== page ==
Lecture on “Life of a Christian rooted in Christ”
By Prince Mangosuthu Buthelezi MP
President of The Inkatha Freedom Party
St Faith’s, Durban: 22 September 2018
The Rector of St Faith’s, the Reverend Canon Dumisani Shezi; Assistant Priests; our Deacon and Church Wardens; Mrs Mtshali and the team that leads Iviyo Lofakazi BakaKristu; members of the congregation and witnesses of Christ.
I greet you in the name of our Lord and Saviour, in whom there is no shadow of turning.
I feel privileged this morning to express my congratulations to Iviyo Lofakazi BakaKristu in celebration of its 70th anniversary. This guild is close to my heart, as it was founded by Bishop Alphaeus Zulu and the Venerable Canon Philip Mbatha, both of whom were good friends of mine, and spiritual guides to me in my long pilgrimage.
I will never forget how hard I tried to maintain my composure at both their funerals. But both times I broke down and wept.
Four years before the founding of Iviyo Lofakazi BakaKristu, the Right Reverend Alphaeus Zulu prepared me for confirmation right here at St Faith’s. Bishop Zulu’s commitment to Christ had an enormous impact on me and I often sought his wisdom and guidance in the years that followed. We became lifelong friends. He became my mentor in both spiritual matters and in the affairs of the world.
Years later, in 1963, I was privileged to attend the Anglican Congress in Toronto, Canada, as a lay delegate representing the Zululand Diocese. I accompanied Archdeacon Philip Mbatha and our then Diocesan Bishop Thomas Savage. En route back to South Africa, we visited several parishes in Chicago, where Zululand, the poorest diocese in the world, had a companionship.
It was these two remarkable servants of the Lord, Bishop Zulu and Archdeacon Mbatha, who saw the need to establish a guild for Christian witnesses, in 1948. The hand of the Lord was surely in it, for that guild remains active and influential 70 years later.
The emergence of Iviyo in 1948 was wonderful to me. I was envious when Christians of other denominations filled marquees, preaching the word of the Lord to thousands of people. Worshipping ceases to be just like going to a ritual when we share with other Believers how to be rooted in Christ. This is what Iviyo did as far as I am concerned. Although my life was such that I could not myself partake in the evangelical activities of Iviyo, I supported the mission of Iviyo to the extent that I paid for a tent when one of our Priests appealed to me for one. I must not continue with what I am saying without also paying tribute to Bishop Ndwandwe for writing a tome on Iviyo Lofakazi. This made my heart to dance when this book was published as Bishop Ndwandwe is one of our erudite Shepherds who holds a doctorate. This dealt with the arrogance of some of our Anglicans who sort of looked down on the great evangelical work of Iviyo. There were some who somehow felt that one cannot be a staid Anglican if one is involved in evangelical work. I know no greater evangelist than Christ himself. And therefore I cannot see that we can be rooted in Christ if we do not walk in His footsteps. Christ’s life was that evangelising day in and day out. Iviyo taught us how to be rooted in Christ on a daily basis.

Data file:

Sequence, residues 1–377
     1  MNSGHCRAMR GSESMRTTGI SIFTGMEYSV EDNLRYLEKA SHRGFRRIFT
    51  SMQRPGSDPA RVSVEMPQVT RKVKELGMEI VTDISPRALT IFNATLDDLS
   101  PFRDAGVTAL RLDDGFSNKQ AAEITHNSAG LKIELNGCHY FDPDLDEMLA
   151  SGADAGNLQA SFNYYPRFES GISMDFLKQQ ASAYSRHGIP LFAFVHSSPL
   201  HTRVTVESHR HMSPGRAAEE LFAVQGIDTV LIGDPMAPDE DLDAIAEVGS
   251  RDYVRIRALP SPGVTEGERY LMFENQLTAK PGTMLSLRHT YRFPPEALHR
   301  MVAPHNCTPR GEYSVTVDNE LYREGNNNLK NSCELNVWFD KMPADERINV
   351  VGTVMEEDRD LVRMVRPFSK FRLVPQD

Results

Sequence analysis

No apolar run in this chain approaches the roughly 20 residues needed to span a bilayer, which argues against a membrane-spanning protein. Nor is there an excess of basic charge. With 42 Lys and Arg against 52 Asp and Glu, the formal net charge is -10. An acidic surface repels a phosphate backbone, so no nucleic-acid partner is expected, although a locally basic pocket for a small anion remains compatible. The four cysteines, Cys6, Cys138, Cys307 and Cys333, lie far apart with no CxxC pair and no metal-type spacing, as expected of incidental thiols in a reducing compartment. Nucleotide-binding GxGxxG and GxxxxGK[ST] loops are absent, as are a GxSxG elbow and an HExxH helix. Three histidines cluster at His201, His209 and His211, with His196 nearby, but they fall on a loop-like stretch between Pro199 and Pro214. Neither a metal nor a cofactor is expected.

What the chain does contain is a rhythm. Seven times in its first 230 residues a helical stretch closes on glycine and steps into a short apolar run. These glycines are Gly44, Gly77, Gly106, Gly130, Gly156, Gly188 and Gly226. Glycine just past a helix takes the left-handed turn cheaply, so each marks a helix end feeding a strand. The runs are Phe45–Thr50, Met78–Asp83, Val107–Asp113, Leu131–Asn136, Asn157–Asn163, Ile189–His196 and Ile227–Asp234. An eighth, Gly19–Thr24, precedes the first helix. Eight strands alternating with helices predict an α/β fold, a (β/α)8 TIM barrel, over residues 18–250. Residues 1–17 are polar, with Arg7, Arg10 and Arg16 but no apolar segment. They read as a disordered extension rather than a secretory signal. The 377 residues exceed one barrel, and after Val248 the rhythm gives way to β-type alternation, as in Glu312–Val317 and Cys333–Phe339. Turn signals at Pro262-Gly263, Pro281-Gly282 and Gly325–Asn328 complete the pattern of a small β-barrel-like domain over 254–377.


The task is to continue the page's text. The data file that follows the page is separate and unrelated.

I want to thank this generation of witnesses who are taking the work of the guild further. You are building on good foundations. I am reminded of Christ’s words in Matthew chapter 7, when He said –